When the government agency fails to deliver even the meager supplies due by treaty to the proud Cheyenne tribe in their barren desert reserve, the starving Indians have taken more abuse ... See full summary »
When her husband dies en route to America, Martha Price and her daughter Hilary are left to carry out his dream: the introduction of Hereford cattle into the American West. They enlist Sam ... See full summary »
A Union Cavalry outfit is sent behind confederate lines in strength to destroy a rail/supply centre. Along with them is sent a doctor who causes instant antipathy between him and the ... See full summary »
After Custer and the 7th Cavalry are wiped out by Indians, everyone expects the worst. Capt. Nathan Brittles is ordered out on patrol but he's also required to take along Abby Allshard, ... See full summary »
Three vignettes of old Irish country life, based on a series of short stories. In "The Majesty of the Law," a police officer must arrest a very old-fashioned, traditional fellow for assault... See full summary »
Biographical drama based on the early life of playwright Sean O'Casey, depicting his rise from the 1910 Dublin slums to the celebrated openings of his early plays. Johnny Cassidy, an ... See full summary »
When the government agency fails to deliver even the meager supplies due by treaty to the proud Cheyenne tribe in their barren desert reserve, the starving Indians have taken more abuse than it's worth and break it too by embarking on a 1,500 miles journey back to their ancestral hunting grounds. US Cavalry Capt. Thomas Archer is charged with their retrieval, but during the hunt grows to respect their noble courage, and decides to help them. Written by
The final duel between Little Wolf and Red Shirt was shot on the day that President John F. Kennedy was assassinated in Dallas, TX. Though legends say that John Ford, so saddened by the death of the first Irish-descended president of the nation, mourned his death by halting the shoot on that day, production documents actually show that it was the only scene to be shot that day, and they moved from Utah in the afternoon as originally scheduled. See more »
About a third of the way through the movie, when the "white" guys charge the Indians, their charge takes them across virgin sand. Except for the track of what is clearly a modern car (tread marks clearly visible) across their path. See more »
Capt. Thomas Archer:
And so when the Nation was safe, the Sacred Bundle, symbol of the Chief of Chiefs, was passed on. For no one could carry it who had shed the blood of another Cheyenne.
See more »
This film shows just a bit of the tragedy of Northern Cheyenne. The film or John Ford did not show that they initially fought together with Sioux led by Sitting Bull war in 1876 and were partially massacred by Custer. Later they fought once again and were defeated at McKenzie compelling them to surrender. Two years later, the prisoners Dull Knife, Wild Hog, and Little Wolf were brought down as prisoners to Fort Reno, from where they escaped and were later killed without mercy. Part of the survivors were killed later when they tried to escape from Fort Robinson, Nebraska, and the others finally confined to a reservation in Montana. Probably Ford wanted to show this story softly giving some feeling of justice to Captain Archer (Richard Widmark), but at the end the film became an approximate story of the reality. Cheyenne, either northern or southern were expelled out from their natural areas, they missed bull hunting and their ancestral traditions. Beside this historical considerations, one must admit that Ford had a very good cast for the film with Widmark, Carroll Baker, always efficient Edward G. Robinson, Karl Malden and others. The only thing difficult to understand was the scene with James Stewart (as Wyatt Earp) together with the veterans Arthur Kennedy and John Carradine, which in my opinion was out of the context.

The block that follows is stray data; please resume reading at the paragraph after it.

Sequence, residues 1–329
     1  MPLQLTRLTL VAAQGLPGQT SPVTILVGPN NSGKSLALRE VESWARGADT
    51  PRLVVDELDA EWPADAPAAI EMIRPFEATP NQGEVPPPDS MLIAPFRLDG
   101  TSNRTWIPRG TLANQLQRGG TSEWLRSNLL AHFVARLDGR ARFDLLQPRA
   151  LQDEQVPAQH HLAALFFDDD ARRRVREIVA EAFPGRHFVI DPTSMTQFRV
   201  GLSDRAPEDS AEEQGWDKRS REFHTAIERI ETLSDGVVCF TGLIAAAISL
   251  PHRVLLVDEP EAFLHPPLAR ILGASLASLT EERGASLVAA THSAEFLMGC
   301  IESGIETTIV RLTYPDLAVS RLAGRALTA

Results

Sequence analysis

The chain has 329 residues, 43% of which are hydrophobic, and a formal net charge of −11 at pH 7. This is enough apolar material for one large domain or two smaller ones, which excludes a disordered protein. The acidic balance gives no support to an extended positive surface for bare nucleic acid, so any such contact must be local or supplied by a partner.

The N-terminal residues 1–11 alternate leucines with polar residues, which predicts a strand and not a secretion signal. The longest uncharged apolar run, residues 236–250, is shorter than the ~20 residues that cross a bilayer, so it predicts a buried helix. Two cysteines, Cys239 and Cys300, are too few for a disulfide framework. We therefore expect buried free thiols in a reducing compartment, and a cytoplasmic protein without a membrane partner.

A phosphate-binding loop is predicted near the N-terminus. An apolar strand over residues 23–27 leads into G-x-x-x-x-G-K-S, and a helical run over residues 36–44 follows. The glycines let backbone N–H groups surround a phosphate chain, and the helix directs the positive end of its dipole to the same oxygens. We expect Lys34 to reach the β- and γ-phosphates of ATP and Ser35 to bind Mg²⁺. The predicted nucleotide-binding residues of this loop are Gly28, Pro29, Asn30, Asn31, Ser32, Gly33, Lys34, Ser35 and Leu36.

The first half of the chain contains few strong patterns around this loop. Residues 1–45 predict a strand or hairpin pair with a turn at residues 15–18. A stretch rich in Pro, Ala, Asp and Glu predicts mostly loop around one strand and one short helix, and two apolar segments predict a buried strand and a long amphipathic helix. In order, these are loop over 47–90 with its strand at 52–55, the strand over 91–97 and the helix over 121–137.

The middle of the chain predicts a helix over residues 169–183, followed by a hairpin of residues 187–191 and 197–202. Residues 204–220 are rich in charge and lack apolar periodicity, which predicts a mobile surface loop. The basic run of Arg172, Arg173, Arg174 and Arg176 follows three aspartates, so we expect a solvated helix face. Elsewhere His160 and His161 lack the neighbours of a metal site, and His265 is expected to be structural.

Some people believe that Westerns are not more of use in Hollywood. I believe that some westerns giving real stories of what happened with the Indians are very much necessary to understand the history of the real American people. Geronimo, Sitting Bull, Dull Knife and others were not criminals, they were only defending the land where they were born and raised. So their lives should be brought fairly to the screen in the coming future.
26 of 36 people found this review helpful.
Was this review helpful to you?